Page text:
Neoselachian senses are also enhanced. Neoselachi-ans have larger brains than most other fishes, larger even than amphibians and reptiles of the same body weight, and the sense of smell is improved over earlier sharks (at least to judge by the size of the nasal capsules).

The swimming abilities of neoselachians are evidently better than those of earlier sharks. The noto-chord is enclosed in, and constricted by, calcified cartilage vertebrae, whereas the primitive chon-drichthyans had a simple notochordal sheath. This strengthening of the backbone helps neoselachians resist compressional forces during fast swimming. The limb girdles are strengthened by fusion or firm connection in the midline, which allows more powerful muscle activity. The basal elements (the radials) in the paired fins are reduced and most of the fin is supported

Fig. 7.4 Modern sharks and rays: (a) the jaws of the giant Tertiary galeomorph shark Carcharocles,reconstructed from isolated teeth and probably too large; (b) restoration of the giant fossil Carcharocles and compararison of its size with the living great white shark Carcharodon (in box); (c) the modern squalomorph shark Squalus; (d) the modern ray Raja. [Figure (a) based on Pough etal., 2002; (b) courtesy of Mike Gottfried; (c) after Schaeffer and Williams, 1977; (d) after Young, 1981.]

Fig. 7.4 Modern sharks and rays: (a) the jaws of the giant Tertiary galeomorph shark Carcharocles,reconstructed from isolated teeth and probably too large; (b) restoration of the giant fossil Carcharocles and compararison of its size with the living great white shark Carcharodon (in box); (c) the modern squalomorph shark Squalus; (d) the modern ray Raja. [Figure (a) based on Pough etal., 2002; (b) courtesy of Mike Gottfried; (c) after Schaeffer and Williams, 1977; (d) after Young, 1981.]

by flexible collagenous rods called ceratotrichia or actinotrichia (Figure 7.4(c)).

The modern neoselachians fall into five main clades (de Carvalho, 1996; Shirai, 1996; see Box 7.2). 1 The galeomorphs, the largest group of some 250 species, are divided into the orders Heterodontiformes (the bullhead sharks, 8 species), Orectolobiformes (the carpet sharks, including the whale shark, 30 species), Lamniformes (the mackerel sharks, including the great white shark, 15 species) and Carchariniformes (the requiem and hammerhead sharks, 200 species). Galeomorphs mainly inhabit shallow tropical and warm temperate seas and they feed on crustaceans and molluscs, fishes and, on occasion, humans (see Box 7.3). The basking and whale sharks, up to 17 m long, are the largest living sharks, but they feed on krill, small floating crustaceans that they strain from the water. An even larger fossil shark has been reported. Carcharocles, a relative of the living great white shark, is known only from triangular teeth up to 168 mm long which are found in sediments dating from the Palaeocene to Pleistocene, but especially in the Miocene and Pliocene. Early reconstructions of its jaws, based on these large teeth (Figure 7.4(a)), gave it a 3-m gape and a total body length of 18-30 m. A comparative study of its teeth (Gottfried et al., 1996), however, has suggested that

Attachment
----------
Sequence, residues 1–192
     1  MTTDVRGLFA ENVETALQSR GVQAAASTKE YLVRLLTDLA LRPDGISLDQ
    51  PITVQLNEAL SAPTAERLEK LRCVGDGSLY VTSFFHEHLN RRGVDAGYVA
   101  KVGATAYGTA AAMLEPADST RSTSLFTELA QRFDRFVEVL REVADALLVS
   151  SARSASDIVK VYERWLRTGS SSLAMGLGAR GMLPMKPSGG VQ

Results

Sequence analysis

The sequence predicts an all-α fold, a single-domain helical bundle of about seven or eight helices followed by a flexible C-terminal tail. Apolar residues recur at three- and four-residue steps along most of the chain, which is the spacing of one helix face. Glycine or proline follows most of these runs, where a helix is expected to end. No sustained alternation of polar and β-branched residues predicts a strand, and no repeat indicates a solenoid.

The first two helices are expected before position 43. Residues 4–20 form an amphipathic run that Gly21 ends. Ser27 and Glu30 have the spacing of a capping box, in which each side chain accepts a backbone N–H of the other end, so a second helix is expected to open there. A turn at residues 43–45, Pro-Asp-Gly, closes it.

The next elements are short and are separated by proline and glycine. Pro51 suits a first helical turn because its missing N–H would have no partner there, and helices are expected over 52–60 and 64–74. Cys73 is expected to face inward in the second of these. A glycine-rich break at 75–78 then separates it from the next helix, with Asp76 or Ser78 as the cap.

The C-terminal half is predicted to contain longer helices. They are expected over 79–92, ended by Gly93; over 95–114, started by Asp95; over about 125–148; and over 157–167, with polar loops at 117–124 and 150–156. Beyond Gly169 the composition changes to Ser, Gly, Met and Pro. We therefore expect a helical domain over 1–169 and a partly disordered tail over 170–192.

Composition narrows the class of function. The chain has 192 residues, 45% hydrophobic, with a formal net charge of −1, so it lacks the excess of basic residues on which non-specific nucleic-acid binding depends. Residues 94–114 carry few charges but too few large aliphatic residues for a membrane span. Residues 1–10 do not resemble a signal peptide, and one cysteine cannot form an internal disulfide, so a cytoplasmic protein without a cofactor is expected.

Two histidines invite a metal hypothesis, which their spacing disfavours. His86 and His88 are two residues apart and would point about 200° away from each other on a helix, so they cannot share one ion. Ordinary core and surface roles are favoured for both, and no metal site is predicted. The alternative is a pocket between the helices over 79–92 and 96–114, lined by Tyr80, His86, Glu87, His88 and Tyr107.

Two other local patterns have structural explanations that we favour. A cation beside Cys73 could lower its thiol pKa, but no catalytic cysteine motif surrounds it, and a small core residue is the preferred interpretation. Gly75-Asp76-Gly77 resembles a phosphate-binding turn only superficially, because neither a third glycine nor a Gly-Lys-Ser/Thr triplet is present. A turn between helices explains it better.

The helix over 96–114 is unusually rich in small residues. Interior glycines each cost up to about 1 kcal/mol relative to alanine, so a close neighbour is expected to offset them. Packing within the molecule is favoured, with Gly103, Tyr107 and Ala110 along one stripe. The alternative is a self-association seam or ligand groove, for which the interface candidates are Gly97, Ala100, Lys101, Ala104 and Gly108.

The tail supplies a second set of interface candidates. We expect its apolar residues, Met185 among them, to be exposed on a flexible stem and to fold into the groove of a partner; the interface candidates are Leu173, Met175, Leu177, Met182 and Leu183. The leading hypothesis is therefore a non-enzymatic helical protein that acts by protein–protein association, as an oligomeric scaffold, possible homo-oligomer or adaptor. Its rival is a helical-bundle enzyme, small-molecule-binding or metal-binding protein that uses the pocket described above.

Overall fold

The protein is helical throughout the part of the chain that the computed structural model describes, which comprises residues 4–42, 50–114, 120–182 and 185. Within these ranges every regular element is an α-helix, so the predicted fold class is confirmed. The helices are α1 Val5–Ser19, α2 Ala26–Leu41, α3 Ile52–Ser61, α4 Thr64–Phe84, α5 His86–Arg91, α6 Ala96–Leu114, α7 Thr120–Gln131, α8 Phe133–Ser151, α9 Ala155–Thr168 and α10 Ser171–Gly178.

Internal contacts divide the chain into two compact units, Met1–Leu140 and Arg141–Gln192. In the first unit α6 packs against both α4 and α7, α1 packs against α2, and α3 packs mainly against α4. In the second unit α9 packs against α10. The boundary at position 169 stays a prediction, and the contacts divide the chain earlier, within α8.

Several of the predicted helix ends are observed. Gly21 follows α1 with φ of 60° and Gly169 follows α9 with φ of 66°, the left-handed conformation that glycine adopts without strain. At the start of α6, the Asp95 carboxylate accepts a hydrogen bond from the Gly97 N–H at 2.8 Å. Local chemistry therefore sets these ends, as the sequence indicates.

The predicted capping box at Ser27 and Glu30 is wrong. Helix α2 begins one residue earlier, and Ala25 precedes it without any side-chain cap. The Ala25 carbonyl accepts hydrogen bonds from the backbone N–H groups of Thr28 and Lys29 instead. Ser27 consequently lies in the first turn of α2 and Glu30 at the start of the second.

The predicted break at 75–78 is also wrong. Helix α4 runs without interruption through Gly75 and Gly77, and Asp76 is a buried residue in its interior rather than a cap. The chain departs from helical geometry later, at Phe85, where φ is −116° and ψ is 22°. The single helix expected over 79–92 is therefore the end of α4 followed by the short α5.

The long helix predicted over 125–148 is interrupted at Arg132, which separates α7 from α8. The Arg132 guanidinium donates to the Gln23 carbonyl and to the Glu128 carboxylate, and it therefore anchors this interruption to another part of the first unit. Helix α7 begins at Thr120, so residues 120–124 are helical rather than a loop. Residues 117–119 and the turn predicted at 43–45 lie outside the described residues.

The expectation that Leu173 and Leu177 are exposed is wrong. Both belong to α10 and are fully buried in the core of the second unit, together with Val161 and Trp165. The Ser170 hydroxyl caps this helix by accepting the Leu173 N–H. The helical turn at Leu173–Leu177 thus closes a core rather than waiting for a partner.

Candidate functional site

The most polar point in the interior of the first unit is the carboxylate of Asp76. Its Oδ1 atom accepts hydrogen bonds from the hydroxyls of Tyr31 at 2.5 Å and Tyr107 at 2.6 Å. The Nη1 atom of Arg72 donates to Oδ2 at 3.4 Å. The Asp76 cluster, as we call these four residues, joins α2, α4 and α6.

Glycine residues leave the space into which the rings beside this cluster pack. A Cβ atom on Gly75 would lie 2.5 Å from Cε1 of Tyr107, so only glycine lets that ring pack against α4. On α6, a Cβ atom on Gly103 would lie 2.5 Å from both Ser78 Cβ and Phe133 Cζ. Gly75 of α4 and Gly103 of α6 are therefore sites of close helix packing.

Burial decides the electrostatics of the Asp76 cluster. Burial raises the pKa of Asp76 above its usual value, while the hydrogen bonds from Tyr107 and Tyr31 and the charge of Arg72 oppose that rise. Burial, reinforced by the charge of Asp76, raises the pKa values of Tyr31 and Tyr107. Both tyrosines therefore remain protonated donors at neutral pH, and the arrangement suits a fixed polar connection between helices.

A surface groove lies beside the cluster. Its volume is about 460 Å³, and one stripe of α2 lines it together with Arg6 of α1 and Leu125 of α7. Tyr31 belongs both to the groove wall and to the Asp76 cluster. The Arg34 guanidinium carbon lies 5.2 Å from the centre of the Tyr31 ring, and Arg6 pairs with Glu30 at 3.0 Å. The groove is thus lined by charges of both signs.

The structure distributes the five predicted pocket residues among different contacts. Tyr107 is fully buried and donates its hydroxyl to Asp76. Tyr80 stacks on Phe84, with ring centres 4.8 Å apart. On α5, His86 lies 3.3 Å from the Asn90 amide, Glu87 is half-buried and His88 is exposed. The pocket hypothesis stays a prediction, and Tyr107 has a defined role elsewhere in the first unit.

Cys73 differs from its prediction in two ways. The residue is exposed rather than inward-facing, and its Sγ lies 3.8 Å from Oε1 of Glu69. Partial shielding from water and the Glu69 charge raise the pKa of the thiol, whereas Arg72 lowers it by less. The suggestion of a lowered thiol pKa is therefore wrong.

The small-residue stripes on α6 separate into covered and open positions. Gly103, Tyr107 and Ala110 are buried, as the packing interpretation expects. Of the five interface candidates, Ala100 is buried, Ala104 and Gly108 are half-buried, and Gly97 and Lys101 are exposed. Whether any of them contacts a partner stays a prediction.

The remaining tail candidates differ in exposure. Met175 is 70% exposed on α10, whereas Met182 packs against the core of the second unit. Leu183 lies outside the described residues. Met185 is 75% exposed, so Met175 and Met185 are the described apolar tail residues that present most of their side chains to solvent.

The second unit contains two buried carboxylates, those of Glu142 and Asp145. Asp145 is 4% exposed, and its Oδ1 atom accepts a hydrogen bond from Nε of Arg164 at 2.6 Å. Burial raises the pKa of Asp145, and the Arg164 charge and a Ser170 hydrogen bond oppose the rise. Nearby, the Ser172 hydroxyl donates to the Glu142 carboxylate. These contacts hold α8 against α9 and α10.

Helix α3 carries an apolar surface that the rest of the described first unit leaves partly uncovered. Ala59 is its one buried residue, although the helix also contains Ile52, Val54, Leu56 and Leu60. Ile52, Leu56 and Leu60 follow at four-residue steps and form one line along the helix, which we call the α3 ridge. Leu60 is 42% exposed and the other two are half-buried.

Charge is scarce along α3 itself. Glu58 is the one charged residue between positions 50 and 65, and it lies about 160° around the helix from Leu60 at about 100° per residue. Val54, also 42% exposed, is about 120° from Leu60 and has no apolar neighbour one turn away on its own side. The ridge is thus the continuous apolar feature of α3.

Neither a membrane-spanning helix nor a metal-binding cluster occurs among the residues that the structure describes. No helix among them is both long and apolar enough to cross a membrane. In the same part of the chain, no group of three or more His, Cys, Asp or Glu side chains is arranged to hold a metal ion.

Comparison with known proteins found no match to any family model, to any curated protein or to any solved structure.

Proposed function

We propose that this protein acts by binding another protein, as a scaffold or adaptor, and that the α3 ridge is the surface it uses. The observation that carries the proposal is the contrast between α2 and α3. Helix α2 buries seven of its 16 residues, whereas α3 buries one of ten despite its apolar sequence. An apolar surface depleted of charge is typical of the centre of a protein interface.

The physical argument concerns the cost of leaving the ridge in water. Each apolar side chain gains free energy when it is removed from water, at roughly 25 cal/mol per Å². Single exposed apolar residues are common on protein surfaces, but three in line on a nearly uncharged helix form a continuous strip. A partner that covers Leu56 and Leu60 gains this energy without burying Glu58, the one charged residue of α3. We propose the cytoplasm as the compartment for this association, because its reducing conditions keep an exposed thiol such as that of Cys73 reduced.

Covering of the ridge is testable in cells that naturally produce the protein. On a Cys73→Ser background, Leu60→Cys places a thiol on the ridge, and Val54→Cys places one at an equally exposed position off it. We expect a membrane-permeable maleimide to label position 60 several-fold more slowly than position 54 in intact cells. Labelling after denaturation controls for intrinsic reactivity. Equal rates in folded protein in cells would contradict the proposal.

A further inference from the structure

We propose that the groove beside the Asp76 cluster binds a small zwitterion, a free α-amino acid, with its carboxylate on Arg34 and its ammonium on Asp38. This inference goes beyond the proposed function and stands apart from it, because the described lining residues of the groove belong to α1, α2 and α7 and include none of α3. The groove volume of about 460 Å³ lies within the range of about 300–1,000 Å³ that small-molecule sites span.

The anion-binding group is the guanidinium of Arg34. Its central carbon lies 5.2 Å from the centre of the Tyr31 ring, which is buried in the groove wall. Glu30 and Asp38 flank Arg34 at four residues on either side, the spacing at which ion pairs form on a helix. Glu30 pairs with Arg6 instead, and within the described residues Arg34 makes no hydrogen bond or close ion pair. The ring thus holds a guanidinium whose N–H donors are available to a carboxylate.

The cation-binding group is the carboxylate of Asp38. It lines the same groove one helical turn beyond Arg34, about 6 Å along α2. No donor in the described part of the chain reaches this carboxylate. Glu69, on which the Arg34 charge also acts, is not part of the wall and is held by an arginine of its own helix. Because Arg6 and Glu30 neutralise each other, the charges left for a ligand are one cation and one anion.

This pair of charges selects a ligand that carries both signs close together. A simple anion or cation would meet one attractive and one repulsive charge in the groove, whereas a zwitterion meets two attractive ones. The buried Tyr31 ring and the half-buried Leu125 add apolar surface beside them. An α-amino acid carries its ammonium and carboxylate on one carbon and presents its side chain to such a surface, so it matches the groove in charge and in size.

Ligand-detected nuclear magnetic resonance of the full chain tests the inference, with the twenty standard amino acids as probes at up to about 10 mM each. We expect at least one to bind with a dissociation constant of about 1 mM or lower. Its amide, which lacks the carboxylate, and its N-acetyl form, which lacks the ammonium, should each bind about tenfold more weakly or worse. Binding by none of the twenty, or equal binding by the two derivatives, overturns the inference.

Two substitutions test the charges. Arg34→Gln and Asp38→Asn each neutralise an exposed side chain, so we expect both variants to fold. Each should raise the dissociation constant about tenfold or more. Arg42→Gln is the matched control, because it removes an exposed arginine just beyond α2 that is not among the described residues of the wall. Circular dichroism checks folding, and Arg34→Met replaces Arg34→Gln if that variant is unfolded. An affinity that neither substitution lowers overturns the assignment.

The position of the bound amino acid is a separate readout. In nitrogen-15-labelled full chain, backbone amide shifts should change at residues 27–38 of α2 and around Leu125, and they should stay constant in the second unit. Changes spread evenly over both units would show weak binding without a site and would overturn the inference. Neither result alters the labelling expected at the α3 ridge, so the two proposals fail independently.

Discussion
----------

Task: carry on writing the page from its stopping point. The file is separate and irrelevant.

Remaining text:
BOX 7.3 CRETACEOUS JAWS!

BOX 7.3 CRETACEOUS JAWS!

Stories of shark attacks on humans and other large animals are common. In Cretaceous times, sharks attacked dinosaurs and other large reptiles of land and sea, as shown in two recent studies of lamniform sharks. Shimada (1997) documents predatory behaviour by the ginsu shark Cretoxyrhina from the Upper Cretaceous Niobrara Chalk of Kansas. In one specimen, a complete 5-m-long Cretoxyrhina skeleton is closely associated with bones of the large teleost Xiphactinus (see Figure 7.9(f)), and other sharks contain smaller teleost fishes in their stomach areas. Vertebrae of mosasaurs (see p. 243) show series of bite marks and some even have Cretoxyrhina teeth embedded in the bone. Xiphactinus and mosasaurs were themselves active predators, so Cretoxyrhina was evidently the top predator, or 'superpredator', in Niobrara Chalk seas, something like the great white shark today. There are three lines of evidence that Cretoxyrhina was attacking live prey: (1) some bitten bones show evidence of healing (Martin and Rothschild, 1989); (2) whole large fishes in the stomach area were presumably attacked and swallowed; (3) the tooth shape is the 'tearing type', with long slender cusps and gaps between teeth.

While Cretoxyrhina was probably an active predator, Schwimmer et al. (1997) argue that the Late Cretaceous lamniform Squalicorax was a scavenger, feeding on carcasses of mosasaurs, plesiosaurs, marine turtles and even dinosaurs (hadrosaurs and an ankylosaur). Squalicorax teeth have been found embedded deeply in mosasaur, turtle and dinosaur bones, and there is no sign of healing. This implies that the shark was scavenging the carcass of a dead animal that was either floating at the surface, or lying on the sea-bed. Further evidence of scavenging is that other tetrapod bones from marine Upper Cretaceous rocks show scratch marks that match precisely the pattern of serrations on Squalicorax teeth, and some large vertebrate carcasses are surrounded by shed Squalicorax teeth.